Colleen, Chisato's skill at bringing together two communities (deaf and hearing) was beautiful. The first introductions to deaf awareness, introduction to each other and giving ourselves 'visual names' was cleverly and sensitively done. The hearing participants were not made to feel like they were being given rules to follow (which sometimes happens when deaf and hearing work together), but instead we ALL felt like we were being introduced as a TEAM and it set the tone for the whole week.
 What I learned from the week is that I count. I matter and I have a part to play in a group of people - I think I brought a creative spark, but I also allowed my co-volunteers to show their creativity too... and that Chisato invited me to perform in BSL was simply wonderful!

Kind Words... “It has been wonderful to connect with the work that Nicole Vivien Watson and Paul Miller are leading. Since the BA Performance programme was launched in 2015 as the first dedicated conservatoire training in the UK for deaf performers we have appreciated this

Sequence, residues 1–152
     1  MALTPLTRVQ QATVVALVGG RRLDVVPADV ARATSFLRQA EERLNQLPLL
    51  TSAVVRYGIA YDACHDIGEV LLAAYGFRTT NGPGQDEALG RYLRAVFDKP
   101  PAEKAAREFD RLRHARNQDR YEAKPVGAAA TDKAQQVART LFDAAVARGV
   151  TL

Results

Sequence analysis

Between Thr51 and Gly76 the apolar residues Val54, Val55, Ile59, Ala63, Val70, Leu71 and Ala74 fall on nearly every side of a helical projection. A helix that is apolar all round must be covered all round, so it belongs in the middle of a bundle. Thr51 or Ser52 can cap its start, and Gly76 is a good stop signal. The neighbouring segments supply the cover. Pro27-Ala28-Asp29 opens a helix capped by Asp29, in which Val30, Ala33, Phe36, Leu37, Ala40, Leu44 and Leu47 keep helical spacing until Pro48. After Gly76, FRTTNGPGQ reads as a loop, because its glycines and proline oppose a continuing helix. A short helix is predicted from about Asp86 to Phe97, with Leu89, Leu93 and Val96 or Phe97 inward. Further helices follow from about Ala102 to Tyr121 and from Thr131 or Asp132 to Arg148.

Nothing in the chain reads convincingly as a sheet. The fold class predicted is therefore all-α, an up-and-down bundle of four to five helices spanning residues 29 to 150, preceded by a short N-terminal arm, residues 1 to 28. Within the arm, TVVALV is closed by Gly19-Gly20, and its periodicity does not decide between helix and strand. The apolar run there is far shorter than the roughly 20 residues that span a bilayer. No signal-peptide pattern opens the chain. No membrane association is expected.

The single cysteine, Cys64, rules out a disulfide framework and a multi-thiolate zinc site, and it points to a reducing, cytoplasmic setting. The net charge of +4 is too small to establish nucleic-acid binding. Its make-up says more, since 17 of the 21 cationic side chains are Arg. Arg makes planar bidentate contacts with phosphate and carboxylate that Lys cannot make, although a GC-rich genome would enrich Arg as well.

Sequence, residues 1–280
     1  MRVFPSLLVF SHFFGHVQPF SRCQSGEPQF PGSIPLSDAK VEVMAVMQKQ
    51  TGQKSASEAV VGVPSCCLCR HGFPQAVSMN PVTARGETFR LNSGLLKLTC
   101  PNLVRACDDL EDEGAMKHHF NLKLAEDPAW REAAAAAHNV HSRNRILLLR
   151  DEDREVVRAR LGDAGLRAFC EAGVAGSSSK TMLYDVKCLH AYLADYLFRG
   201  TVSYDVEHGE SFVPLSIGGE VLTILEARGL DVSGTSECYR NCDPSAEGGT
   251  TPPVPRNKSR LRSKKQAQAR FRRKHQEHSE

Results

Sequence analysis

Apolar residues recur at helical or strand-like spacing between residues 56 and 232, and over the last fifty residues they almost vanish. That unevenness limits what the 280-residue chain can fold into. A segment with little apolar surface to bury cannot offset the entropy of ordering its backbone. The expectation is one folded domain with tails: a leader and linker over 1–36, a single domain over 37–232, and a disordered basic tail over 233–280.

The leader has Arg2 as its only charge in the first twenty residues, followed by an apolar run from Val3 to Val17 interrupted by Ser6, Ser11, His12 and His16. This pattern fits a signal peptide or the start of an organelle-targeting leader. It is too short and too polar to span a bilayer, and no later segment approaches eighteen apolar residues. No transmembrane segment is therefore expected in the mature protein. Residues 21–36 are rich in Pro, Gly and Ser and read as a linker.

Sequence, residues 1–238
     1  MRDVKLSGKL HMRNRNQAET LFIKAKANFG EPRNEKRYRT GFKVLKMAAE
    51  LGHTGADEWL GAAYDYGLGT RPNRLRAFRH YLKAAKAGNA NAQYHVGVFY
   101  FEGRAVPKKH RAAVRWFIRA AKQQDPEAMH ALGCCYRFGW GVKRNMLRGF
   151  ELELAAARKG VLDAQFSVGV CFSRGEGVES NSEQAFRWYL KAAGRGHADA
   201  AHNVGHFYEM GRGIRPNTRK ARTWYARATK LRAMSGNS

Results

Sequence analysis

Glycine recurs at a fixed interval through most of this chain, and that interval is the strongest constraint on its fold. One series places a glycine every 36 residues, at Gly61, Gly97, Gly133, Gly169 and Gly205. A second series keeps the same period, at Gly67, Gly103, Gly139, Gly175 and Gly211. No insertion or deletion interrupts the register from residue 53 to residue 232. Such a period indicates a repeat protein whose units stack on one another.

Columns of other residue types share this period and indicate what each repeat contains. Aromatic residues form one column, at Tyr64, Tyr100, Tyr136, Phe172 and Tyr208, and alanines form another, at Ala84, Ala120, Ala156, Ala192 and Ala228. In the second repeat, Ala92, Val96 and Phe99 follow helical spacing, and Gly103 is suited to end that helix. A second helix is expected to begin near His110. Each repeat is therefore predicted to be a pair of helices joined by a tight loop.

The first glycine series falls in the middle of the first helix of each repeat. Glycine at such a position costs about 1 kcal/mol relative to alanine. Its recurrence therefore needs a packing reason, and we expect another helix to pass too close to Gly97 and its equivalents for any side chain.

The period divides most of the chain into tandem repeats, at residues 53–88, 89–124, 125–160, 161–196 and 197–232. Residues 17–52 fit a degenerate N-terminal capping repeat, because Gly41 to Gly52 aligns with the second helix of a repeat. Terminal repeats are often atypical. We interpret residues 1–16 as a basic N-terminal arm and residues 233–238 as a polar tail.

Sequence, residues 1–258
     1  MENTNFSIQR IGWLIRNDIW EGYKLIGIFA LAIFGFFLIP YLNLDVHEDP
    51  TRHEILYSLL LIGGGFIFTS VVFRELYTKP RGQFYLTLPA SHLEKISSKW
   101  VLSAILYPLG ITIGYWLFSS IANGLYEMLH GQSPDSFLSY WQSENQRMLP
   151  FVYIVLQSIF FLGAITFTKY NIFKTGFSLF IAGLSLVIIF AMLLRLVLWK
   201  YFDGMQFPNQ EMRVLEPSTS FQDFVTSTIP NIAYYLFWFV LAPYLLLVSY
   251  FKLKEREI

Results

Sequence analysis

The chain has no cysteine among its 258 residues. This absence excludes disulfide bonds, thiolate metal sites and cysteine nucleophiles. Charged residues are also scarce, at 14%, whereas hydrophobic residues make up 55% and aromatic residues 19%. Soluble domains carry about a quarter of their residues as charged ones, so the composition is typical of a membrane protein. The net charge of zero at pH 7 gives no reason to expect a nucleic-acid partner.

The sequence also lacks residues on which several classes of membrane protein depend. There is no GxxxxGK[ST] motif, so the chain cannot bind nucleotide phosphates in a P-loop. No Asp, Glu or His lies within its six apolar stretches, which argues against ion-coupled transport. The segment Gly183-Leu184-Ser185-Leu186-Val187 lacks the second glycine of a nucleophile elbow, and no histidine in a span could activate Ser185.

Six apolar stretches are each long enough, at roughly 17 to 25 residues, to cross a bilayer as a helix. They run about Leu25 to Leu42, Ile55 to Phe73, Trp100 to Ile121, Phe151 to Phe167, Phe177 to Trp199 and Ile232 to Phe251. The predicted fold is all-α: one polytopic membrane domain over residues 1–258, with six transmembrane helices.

relationship and the opportunity it gives us to share knowledge and practice.  We were delighted to be invited to the performance of ‘Where our Roots are Planted’ and to take part in a workshop with International artist Antoine Hunter.   It is so important for our students to connect with deaf artists and to find out about their pathways into the industry and how they approach the work they are developing.  We are incredibly grateful to Nicole and Paul and look forward to an ongoing relationship”.